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A Limited Habitable Zone For Complex Life
The habitable zone (HZ) is defined as the range of distances from a host star within which liquid water, a key requirement for life, may exist at a planet’s surface. Substantially more CO2 than present in Earth’s modern atmosphere is required to maintain clement temperatures for most of the HZ, with concentrations of several bars required at the outer edge.
However, most complex aerobic life on Earth is precluded by CO2 concentrations of just a small fraction of a bar. At the same time, most of the HZ volume resides in proximity to K and M dwarfs, which are more numerous than Sun-like G dwarfs but are predicted to promote greater abundances of CO in the atmospheres of orbiting planets, a highly toxic gas for complex aerobic organisms with circulatory systems. Here we show that the HZ for complex aerobic life is significantly limited relative to that for simple microbial life. We use 1-D radiative-convective climate and photochemical models to circumscribe the Habitable Zone for Complex Life (HZCL) based on known toxicity limits for a range of complex organisms.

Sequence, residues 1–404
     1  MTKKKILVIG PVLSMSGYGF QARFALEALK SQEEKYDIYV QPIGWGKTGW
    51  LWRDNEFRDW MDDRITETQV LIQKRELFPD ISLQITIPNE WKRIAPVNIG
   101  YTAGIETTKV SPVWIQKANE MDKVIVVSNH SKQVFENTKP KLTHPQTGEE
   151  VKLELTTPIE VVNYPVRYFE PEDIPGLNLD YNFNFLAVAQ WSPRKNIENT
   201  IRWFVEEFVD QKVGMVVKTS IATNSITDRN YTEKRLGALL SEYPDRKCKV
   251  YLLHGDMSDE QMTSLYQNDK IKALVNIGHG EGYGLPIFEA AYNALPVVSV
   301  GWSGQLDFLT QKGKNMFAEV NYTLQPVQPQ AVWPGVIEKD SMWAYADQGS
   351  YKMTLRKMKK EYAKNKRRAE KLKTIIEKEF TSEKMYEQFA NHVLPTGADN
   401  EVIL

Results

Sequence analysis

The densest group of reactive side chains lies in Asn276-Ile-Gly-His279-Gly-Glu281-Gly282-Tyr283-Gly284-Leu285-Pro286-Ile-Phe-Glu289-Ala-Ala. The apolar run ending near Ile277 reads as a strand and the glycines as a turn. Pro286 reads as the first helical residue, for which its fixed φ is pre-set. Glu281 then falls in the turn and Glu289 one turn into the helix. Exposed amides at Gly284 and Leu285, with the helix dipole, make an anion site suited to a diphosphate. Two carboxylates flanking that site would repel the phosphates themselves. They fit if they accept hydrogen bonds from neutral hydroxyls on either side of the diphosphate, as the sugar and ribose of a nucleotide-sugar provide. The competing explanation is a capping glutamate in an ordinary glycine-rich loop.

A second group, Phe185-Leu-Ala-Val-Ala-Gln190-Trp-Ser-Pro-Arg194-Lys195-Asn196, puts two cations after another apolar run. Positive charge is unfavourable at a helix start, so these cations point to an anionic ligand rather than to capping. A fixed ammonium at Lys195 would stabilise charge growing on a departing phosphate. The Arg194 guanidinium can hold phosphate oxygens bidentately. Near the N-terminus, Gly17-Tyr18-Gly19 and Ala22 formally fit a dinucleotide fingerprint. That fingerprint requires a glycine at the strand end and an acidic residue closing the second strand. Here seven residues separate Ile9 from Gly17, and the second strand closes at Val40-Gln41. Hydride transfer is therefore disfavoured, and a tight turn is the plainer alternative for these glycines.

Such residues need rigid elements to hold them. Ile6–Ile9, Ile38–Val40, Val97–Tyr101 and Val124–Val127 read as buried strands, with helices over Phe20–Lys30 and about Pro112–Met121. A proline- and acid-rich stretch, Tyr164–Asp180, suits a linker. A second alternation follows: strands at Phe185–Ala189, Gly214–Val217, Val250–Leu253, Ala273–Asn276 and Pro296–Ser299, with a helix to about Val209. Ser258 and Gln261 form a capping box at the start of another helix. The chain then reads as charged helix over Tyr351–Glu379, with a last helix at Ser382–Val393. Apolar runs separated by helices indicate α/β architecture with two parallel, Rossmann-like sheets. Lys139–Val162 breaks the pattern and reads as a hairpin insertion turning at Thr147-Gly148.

We find that for CO2 tolerances of 0.005-0.05 bar, the HZCL is only ~20-28% as wide as the traditional HZ for a Sun-like star and that CO concentrations may limit complex life throughout the entire HZ of the coolest M dwarfs. These results cast new light on the likely distribution of complex life in the universe and have important practical ramifications for the search for exoplanet biosignatures and technosignatures.
Edward W. Schwieterman, Christopher T. Reinhard, Stephanie L. Olson, Chester E. Harman, Timothy W. Lyons
(Submitted on 13 Feb 2019)
Comments: 16 pages, 5 figures, 5 tables, submitted to AAS journals
Subjects: Earth and Planetary Astrophysics (astro-ph.EP)
Cite as: arXiv:1902.04720 [astro-ph.EP] (or arXiv:1902.04720v1 [astro-ph.EP] for this version)
From: Edward Schwieterman
[v1] Wed, 13 Feb 2019 02:56:36 UTC (1,353 KB)